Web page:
I'll see to your horse, Fred drawled, closing the door behind him. He laid a beefy arm across Rafe's shoulders. "So tell me. What do you know about Romeo and Juliet?"'

Chapter 1

Aspen, Colorado

June, 1881

At last!

Silver Nichols eagerly reread the letter in her hand. For what seemed like an eternity, she'd been waiting for this kind of response to the inquiries she'd mailed across the nation. She'd hired bank examiners, Pinkerton agents, lawyers, even a retired Civil War spy. She'd turned them out in droves to help her build a case against Celestia Cooper, a modern-day witch who anyone with a lick of common sense could see lusted after her papa's fortune, not his love.

But not one of Silver's informants had uncovered anything quite like this. She hugged the parchment to her chest, half-tempted to kiss it. At last! Here was the proof she needed—proof of a deed so dastardly, so despicable, that the mere mention of it would make the angels weep. It had taken a church organist, writing in a fit of evangelical outrage, to finally bring to light this Celestia Cooper atrocity. The skeleton this letter had exhumed would put to an end that wretched woman's social climbing in Aspen. Now Silver could prove to her father beyond a shadow of a doubt that he was planning to marry a monster.

She grinned at her reflection in the polished mahogany of her prized box piano. Good things do come to those who wait!

Feeling a lightness that she hadn't known for years—at least not since the night she'd fled her maternal aunt's boardinghouse—Silver hummed a Stephen Foster ditty and struck a match, watching the stack of her more benign letters ignite in the urn on her piano. The vessel was fashioned of sterling silver, a king's treasure dug from the richest of her father's four mines. So were the bookends, wall frames, doorknobs, and a variety of other bric-a-brac that adorned her lavish sitting room.

She'd taken pains to convert the downstairs parlor into a sort of entrepreneurial trophy chamber, mainly to impress investors and potential clients. Although she entertained often in her father's Hallam Street mansion, she hosted business functions far more than social ones. Papa owned the most prosperous silver mining company in Colorado, and helping him maintain his social status required the ability to decorate and entertain with extravagance.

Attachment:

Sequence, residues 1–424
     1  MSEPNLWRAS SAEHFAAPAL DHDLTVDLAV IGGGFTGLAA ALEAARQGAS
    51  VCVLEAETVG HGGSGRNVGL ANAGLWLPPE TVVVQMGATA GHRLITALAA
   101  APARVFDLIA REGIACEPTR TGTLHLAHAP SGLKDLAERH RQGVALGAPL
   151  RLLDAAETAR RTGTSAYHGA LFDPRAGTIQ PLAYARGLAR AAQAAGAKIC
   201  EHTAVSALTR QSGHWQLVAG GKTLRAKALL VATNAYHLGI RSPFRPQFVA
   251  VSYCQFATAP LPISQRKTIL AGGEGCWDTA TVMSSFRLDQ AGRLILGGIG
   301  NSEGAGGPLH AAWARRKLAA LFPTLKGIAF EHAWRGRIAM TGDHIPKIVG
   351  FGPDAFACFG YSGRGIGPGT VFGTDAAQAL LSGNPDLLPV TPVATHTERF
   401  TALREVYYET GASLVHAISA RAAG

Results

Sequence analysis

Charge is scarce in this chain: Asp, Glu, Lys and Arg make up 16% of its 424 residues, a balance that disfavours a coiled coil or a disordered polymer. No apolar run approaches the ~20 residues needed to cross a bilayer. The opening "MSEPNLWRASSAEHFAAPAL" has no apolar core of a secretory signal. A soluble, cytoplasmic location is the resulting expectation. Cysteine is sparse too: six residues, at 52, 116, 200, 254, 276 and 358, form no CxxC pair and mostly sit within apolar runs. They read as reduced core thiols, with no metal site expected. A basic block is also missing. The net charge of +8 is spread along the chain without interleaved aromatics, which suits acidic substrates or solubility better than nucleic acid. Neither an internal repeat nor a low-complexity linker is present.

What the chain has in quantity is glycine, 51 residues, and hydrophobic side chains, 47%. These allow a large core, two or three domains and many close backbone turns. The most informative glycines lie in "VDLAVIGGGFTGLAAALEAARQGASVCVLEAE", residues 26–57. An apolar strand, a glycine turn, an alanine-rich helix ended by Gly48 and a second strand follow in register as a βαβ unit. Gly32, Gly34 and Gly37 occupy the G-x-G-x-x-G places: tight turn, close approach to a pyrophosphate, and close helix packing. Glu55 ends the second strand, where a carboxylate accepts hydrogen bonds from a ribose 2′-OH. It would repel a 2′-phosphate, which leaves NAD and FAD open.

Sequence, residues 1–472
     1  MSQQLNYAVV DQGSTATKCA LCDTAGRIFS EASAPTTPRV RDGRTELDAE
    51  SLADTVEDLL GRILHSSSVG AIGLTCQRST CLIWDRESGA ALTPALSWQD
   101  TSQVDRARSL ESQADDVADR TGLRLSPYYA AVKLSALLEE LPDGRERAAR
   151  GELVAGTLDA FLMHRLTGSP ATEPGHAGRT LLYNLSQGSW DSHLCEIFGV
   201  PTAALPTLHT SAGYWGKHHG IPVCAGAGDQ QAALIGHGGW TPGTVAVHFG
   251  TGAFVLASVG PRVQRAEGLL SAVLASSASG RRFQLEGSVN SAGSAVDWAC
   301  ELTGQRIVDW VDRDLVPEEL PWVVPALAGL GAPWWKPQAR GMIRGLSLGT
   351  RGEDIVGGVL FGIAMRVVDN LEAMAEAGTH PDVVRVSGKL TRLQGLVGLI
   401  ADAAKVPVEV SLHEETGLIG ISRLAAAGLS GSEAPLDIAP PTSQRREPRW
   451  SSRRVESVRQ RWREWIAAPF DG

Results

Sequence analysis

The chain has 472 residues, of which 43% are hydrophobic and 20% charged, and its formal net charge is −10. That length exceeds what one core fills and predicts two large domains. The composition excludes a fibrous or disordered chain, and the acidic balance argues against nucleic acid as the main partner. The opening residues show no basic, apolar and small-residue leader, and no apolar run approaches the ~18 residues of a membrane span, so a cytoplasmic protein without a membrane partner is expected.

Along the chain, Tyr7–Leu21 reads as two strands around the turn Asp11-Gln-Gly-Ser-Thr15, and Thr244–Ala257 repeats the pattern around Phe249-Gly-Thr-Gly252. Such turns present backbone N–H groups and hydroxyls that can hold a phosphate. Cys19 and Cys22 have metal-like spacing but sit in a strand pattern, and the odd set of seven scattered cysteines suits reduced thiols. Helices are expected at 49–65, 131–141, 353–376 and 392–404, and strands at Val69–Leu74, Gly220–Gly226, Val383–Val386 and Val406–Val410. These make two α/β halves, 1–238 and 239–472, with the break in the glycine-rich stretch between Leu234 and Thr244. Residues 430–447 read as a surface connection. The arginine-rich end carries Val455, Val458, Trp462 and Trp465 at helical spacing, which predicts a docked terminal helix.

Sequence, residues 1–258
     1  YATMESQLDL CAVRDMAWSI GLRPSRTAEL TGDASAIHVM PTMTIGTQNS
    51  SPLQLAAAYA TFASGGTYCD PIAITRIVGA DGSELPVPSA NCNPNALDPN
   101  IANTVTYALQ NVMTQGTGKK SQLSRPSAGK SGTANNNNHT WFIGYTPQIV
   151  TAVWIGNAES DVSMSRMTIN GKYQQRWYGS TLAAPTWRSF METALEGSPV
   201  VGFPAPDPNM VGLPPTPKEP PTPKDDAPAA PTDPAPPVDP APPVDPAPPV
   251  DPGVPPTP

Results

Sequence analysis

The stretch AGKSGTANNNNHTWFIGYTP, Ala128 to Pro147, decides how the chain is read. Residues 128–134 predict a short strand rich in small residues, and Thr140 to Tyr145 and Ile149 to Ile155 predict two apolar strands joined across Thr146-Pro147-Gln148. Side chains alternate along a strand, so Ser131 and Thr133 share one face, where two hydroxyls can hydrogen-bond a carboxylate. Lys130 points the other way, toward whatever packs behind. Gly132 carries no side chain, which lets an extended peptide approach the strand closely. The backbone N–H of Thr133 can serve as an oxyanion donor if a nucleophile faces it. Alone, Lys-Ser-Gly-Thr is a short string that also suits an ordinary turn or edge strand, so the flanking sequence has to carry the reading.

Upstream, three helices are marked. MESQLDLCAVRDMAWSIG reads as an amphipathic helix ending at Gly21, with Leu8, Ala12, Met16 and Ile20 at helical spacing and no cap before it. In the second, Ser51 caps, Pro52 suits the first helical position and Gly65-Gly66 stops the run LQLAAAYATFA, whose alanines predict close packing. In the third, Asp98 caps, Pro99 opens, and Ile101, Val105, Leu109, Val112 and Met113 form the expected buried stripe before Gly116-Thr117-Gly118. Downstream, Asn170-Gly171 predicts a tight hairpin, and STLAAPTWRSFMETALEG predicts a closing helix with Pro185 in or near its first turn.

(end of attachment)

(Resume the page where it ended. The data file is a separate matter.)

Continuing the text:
However, keeping Papa from frittering away his fortune required skills of a different nature.

Silver sighed as her soaring spirits were checked by the thought. Unbridled generosity might earn her father a place in heaven, but it wasn't going to feed him or keep a roof over his head. The man had never tempered his goodwill with practicality.

Before she had arrived five years ago from Philadelphia, he'd already let himself get hoodwinked into portioning off one of his most promising claims. Fortunately, his partners couldn't raise the capital to develop it, and she'd persuaded them through some savvy negotiation to sell back their shares. That mine, Silver's Mine, as Papa had called it, had turned out to hold his wealthiest vein, a bonanza that had brought him worldwide acclaim—and the attention of a fortune-teller-turned-hunter who billed herself as Madam Celestia.

Silver wrinkled her nose, waving away smoke. Thank God for conscientious, letter-writing citizens like that church organist from Kentucky. Otherwise, in six weeks' time, she might have been forced to call a circus sideshow act Mother.

The bell jangled over the front door. Silver started as her butler's staccato footsteps echoed in the foyer. Who on earth could be calling at this early hour?

Perhaps it was her driver. She had been a bit distracted last night as she'd instructed him regarding the Leadville journey. Papa had disappeared as usual after dinner, and she'd been forced to see to his traveling bags as well as her own. She'd so wanted this journey to go without a hitch; indeed, nervous anticipation hadn't let her sleep past the first rays of dawn.

For the first time ever, a woman had been invited to speak before the board of directors of the Leadville Mining Exchange. She, who had once been so penniless that she'd been reduced to cooking meals at the boardinghouse, would address some of the wealthiest brokers and stockholders in the mining industry.

But even more importantly, Silver thought with a bubbling sense of excitement, she'd have Papa all to herself for two days. It was a dream-come-true for the girl who'd been forced to grow up nearly a continent away from the daddy whom she adored.

Dumping the ashes into the unlit hearth, Silver hastily replaced the urn and stepped into the foyer. She left the parlor in time to see the front door bang open and her chubby father stand huffing on the threshold. Oddly enough, he was dressed in last night's dinner suit.

Let me help you with that, sir, the butler said as Papa struggled over the threshold, his arms and back weighted down by bulging satchels.

No thanks, Benny, Papa called jovially, listing to the left as he kicked the door closed. Oblivious to the heel mark he'd left behind, he grinned up at the solemn Englishman. I've gotta get used to toting loads again so I can hoist my bride over the threshold.

Benson had the good grace not to smirk. Silver pressed her lips together. Celestia Cooper was one load Papa would never carry, if she had anything to say about it.

Papa, for heaven's sake, you'll hurt yourself, she chided, hurrying to lend a hand. Those knapsacks look much too heavy—

Now daughter, I'm a miner. And miners don't let a couple of rocks get the better of them. He doubled over, his ruddy face turning a shade redder as he hauled his bags toward the parlor. 'Sides, this here's a special lode. And you know what that means, don't ya?

A special lode needs special care, she chimed in dutifully.

He chuckled, and her